Once More, With Feeling

A recap of 2011's finest developments and debuts

2011 was a year of ambition.

Classic restaurants reinvented themselves (see Lula Café, Kamehachi). Food trucks hit the streets en masse, still crippled but determined to peddle banh mi, barbecue and more. Lesser-known chefs stepped daringly into the spotlight (see Yusho, Goosefoot and the soon-to-open Trenchermen–which you'll read more about in the new year).

Before we close the book on 2011, a look at some of its finest accomplishments:

Japan Rising: What a year for Japanophiles! Sushi was far from our mind as a staggering list of restaurants–Yusho, Slurping Turtle, Roka Akor, Lure and Union Sushi & BBQ, to name a few–opened with menus celebrating the vast territories of Japanese cuisine beyond raw fish.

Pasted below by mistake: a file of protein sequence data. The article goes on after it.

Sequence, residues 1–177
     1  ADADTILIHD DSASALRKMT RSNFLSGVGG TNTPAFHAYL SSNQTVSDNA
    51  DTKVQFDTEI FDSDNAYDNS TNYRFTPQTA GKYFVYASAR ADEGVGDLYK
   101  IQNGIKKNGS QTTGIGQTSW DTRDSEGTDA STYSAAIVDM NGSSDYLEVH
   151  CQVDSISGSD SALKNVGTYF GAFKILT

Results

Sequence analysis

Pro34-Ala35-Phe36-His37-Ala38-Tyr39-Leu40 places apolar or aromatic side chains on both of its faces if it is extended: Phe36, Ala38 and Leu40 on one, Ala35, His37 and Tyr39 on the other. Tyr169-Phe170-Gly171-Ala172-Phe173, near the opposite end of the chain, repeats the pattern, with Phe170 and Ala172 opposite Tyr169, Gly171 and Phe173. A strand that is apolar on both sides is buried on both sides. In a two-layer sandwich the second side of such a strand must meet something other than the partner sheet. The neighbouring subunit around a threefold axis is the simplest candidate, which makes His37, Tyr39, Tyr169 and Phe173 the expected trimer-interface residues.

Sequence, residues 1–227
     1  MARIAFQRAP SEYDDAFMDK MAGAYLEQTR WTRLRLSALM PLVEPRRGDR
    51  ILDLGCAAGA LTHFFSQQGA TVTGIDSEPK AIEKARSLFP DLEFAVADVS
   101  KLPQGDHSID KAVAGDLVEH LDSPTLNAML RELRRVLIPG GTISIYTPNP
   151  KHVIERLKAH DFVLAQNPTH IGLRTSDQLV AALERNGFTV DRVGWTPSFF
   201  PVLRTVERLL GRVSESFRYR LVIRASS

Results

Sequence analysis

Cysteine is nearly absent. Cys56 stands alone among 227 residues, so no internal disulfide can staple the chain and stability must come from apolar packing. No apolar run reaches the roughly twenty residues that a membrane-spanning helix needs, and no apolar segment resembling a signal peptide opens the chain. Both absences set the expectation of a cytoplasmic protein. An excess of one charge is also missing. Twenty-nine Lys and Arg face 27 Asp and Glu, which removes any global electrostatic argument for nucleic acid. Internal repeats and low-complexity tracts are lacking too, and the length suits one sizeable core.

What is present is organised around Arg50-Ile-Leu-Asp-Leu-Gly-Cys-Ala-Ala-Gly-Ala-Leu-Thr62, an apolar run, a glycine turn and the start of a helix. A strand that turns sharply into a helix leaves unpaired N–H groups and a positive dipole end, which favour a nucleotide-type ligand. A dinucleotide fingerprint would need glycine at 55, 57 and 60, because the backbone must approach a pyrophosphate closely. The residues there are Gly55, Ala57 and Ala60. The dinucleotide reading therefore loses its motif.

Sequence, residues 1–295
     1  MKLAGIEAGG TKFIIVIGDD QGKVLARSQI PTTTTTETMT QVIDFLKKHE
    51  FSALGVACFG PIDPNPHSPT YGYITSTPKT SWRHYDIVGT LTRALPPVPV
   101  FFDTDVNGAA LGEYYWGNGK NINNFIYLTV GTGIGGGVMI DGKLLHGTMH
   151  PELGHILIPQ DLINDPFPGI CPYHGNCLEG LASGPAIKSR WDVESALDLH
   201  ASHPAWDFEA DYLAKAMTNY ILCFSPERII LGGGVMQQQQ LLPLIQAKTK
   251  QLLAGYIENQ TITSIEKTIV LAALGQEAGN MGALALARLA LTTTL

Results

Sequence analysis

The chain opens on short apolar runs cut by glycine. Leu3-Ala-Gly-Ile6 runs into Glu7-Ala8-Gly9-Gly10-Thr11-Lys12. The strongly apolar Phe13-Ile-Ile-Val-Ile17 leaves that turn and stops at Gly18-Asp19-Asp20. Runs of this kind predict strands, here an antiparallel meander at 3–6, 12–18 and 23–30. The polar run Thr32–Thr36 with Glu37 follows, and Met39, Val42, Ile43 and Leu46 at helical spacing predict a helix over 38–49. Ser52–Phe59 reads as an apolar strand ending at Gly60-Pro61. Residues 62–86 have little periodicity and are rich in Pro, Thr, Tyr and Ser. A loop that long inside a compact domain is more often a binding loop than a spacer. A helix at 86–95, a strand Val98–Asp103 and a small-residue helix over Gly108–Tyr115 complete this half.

Consider the Oyster: In 2011, this briny bivalve got its due. We celebrated the slew of new oyster lists with rounds of half-shells at GT Fish & Oyster, Frontier, Maude's and Fish Bar. We greedily devoured them grilled, too.

Down to Chinatown: After a quiet 2010, Chinatown boomed in the form of dim sum, Hunan cuisine, candy-like pork belly and Lure, an unexpected source of Japanese izakaya-style eats.

Pantry Boost: Our pantry and refrigerator shelves are overflowing with the year's bounty. Chef-made nut brittles, Turkish spices, fresh pasta, local beef, heirloom beans, haute granola and bar cherries are among our new staples.

Drink Up and Up: Chicago's tipplers have more to toast to than ever. The Aviary and Barrelhouse Flat shook sophisticated new cocktails, as familiar names continued to innovate and excite. A new distillery, Few Spirits, also set up in Evanston.

Coming in 2012: More pie (Bang Bang's storefront is imminent), more BOKA (Little Goat, Balena), more Randolph/Fulton Market corridor (Grace, GEB, Nellcôte, RM, Paul Kahan's butcher shop), new breweries (Pipeworks, New Chicago Brewing) and 12 more months of eating, drinking, shopping and cooking.